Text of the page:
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Home > Flying the Plane > Could the wings snap off if a plane takes off with empty wing tanks?
Could the wings snap off if a plane takes off with empty wing tanks?
Flying - Flying the Plane
Monday, 20 May 2013 07:01

Refuelling an Airbus A380

Dear Captain Lim,

Are airliners being refuelled only from one side of the aircraft, namely the right wing? If so, do pilots transfer fuel from one tank to another on the ground as part of their pre-flight preparation?

Is it true that a heavy aircraft, fully loaded with cargo, passengers, baggage; centre tank full with fuel but empty wing tanks, could snap its wings upon take off?



Hi Kevin,

A plane can be refuelled on either the left or right tank. Again, it depends on the type of plane – some can be refuelled on the right side only. Even if both sides of the plane can uplift fuel, the right side is preferred as the fuel truck would not interfere with the boarding or disembarkation of passengers that is usually from the left side.

Fuel transfer from the right to the left tank is done automatically by the refueller, not the pilot.

In flight, any fuel in the centre tank must be used first and this is followed by the wing tanks. Additionally, there are limitations to be followed to prevent fuel imbalance as it may cause some control problems if one wing is heavier than the other.

Based on your scenario – a plane with full load with centre tank also full and wings tanks empty - would the wings snap upon take off?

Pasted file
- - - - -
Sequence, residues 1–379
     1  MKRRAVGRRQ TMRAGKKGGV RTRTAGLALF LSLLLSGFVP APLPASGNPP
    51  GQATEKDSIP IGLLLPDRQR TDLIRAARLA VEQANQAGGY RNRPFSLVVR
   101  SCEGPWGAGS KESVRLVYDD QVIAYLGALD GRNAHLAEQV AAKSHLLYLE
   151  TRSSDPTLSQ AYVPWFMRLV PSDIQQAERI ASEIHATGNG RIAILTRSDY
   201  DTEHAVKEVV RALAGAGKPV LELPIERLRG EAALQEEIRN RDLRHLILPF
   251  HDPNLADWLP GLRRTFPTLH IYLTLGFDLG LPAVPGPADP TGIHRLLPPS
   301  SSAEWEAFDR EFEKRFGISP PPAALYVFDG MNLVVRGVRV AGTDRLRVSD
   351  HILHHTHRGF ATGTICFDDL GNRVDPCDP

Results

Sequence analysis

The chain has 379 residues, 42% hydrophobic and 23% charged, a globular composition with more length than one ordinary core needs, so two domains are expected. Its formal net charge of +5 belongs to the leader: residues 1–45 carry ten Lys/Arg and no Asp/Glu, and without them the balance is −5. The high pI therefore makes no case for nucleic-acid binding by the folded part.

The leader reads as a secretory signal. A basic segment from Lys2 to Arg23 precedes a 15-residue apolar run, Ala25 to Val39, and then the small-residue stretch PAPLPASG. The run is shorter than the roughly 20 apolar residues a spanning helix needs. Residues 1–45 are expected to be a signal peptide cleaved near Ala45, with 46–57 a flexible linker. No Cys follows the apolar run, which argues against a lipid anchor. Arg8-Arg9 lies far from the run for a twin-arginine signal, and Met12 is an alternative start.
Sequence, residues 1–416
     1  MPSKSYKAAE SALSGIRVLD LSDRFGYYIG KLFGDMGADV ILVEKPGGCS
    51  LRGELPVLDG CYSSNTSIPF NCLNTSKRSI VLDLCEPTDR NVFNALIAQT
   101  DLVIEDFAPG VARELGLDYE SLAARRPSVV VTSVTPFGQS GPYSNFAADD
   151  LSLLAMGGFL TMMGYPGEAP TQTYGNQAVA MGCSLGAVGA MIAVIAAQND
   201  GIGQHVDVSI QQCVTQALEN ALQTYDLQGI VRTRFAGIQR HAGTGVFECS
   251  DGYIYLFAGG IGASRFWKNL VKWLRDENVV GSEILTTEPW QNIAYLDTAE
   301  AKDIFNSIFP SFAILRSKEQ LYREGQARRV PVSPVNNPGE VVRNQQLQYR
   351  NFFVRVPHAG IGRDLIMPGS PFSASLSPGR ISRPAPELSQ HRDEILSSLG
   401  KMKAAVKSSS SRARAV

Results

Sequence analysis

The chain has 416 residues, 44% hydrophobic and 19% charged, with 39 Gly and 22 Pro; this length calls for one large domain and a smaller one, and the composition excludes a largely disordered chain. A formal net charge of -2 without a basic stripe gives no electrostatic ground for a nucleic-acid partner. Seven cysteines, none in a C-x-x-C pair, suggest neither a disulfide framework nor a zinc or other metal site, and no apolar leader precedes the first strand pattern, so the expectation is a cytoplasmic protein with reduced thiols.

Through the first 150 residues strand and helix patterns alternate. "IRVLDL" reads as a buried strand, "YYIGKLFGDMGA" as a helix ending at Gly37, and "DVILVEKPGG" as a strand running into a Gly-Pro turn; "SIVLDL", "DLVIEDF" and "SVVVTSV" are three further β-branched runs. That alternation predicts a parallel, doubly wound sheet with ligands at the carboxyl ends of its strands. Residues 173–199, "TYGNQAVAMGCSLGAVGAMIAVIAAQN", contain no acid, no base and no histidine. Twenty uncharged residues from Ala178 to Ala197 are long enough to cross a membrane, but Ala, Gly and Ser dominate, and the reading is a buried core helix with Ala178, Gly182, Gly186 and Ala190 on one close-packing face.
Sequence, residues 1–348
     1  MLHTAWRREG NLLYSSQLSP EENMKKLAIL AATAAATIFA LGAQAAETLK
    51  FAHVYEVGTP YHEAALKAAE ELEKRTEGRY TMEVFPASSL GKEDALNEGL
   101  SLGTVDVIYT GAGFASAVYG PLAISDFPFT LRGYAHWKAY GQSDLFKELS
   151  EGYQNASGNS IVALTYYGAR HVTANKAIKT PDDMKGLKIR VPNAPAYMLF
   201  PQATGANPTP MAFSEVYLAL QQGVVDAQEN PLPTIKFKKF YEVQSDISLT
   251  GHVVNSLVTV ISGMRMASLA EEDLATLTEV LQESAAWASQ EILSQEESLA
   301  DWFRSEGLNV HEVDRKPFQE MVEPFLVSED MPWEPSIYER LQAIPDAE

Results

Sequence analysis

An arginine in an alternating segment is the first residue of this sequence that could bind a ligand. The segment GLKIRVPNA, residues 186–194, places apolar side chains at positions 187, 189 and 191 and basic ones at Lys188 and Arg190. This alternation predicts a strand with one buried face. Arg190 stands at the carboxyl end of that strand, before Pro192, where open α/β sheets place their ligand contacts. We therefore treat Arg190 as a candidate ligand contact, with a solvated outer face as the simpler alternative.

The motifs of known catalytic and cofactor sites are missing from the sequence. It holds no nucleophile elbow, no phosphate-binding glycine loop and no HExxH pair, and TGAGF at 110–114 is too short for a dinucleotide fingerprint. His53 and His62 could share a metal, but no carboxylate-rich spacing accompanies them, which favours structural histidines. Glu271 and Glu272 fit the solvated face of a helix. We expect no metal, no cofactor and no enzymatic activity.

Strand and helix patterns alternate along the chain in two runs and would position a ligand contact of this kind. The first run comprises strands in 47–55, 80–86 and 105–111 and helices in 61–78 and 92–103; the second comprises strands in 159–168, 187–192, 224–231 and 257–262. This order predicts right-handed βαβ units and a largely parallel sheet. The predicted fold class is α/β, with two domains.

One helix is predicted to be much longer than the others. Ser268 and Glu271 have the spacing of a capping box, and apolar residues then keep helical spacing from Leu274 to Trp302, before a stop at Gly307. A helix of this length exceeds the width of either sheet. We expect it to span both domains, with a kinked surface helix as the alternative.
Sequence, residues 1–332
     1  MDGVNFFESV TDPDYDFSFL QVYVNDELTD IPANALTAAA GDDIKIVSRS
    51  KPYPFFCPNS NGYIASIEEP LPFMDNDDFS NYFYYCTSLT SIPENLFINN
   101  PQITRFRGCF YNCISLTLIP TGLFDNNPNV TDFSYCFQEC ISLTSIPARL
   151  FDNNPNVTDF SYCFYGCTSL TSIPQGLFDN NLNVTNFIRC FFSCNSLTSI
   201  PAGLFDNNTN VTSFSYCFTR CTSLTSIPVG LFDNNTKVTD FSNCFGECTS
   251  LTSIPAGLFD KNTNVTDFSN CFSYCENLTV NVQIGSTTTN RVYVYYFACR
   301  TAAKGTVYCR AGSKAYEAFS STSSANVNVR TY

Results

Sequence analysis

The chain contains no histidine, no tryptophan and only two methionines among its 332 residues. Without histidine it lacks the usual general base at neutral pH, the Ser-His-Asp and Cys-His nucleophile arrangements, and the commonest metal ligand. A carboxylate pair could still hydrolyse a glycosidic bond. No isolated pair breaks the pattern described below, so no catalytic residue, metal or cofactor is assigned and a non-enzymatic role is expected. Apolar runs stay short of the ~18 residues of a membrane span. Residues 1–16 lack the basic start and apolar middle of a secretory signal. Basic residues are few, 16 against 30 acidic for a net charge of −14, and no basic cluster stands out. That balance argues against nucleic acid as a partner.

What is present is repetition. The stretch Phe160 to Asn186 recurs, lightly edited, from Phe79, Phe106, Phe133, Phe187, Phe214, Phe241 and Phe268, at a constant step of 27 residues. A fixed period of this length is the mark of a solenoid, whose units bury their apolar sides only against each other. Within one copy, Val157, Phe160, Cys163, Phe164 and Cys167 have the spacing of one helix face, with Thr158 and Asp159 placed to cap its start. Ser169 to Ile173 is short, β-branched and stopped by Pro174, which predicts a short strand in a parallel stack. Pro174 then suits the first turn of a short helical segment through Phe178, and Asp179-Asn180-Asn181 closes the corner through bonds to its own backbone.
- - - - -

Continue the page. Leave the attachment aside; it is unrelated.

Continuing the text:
I believe such a case would not arise as most planes are designed to have the wing tanks supplying the engines during the take-off and not from the centre tank. As such, the wing tanks are never empty.

For instance, a typical commercial plane with centre tank would manage its fuel consumption is this manner. The centre tank initially feed the engines, a short while later (about 3 minutes after engine start) the centre tank fuel pumps stop and the left and right fuel pumps of the wing tanks will turn on, feeding the number 1 and 2 engines. After take-off with the slat or flaps retracting, the centre tank will again feed the engines until the tanks run dry; then the left and right pumps of the wing tanks wll again turn on and feed their respective engines.

The wing of a plane is incredibly strong – see video below – and nobody has ever tried taking off with empty wing tanks to prove your point.

Meanwhile, you can read one of my latest articles in Travel 3Sixty magazine Fuel for Thought here

PS. To check for any latest updates or postings, you can follow my new Twitter at @CaptKHLim

Boeing 777 Wing Test


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Comments (2)

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just one thing
Thank you captain Lim for the answers.
Just one thing. The video is impressive but I was wondering if the same condition met during a flight (e.g. temperature) should have been used when performing the test in order to provide for realistic simulation.
Akis , 20 May, 2013
Is this test truly realistic?
Dear Capt Lim
Interesting enough, but in reality pressures/forces on wings and other parts are not a constant direction/vector. The 777 experiment is very much a mono directional test.
It would be interesting to know the breaking load if there was flexion movement involved. In other words, if the wing was 'flapping' up and down with load. I suspect that the breakpoint load would be smaller because of the metal fatigue from movement.
(Been a follower of yours for many years. Thank you.)
KayCee , 23 May, 2013

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